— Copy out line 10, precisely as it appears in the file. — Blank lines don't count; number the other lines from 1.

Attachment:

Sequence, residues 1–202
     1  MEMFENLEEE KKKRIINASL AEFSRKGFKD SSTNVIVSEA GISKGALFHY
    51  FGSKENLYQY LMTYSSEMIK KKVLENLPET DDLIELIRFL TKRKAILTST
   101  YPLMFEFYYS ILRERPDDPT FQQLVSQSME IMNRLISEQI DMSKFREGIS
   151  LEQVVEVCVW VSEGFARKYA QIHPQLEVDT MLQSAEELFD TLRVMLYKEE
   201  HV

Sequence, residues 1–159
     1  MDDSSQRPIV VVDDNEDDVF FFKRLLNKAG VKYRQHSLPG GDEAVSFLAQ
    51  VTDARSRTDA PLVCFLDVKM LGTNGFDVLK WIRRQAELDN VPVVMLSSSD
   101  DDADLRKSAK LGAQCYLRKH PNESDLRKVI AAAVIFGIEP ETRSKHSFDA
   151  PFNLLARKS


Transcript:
   101  DDADLRKSAK LGAQCYLRKH PNESDLRKVI AAAVIFGIEP ETRSKHSFDA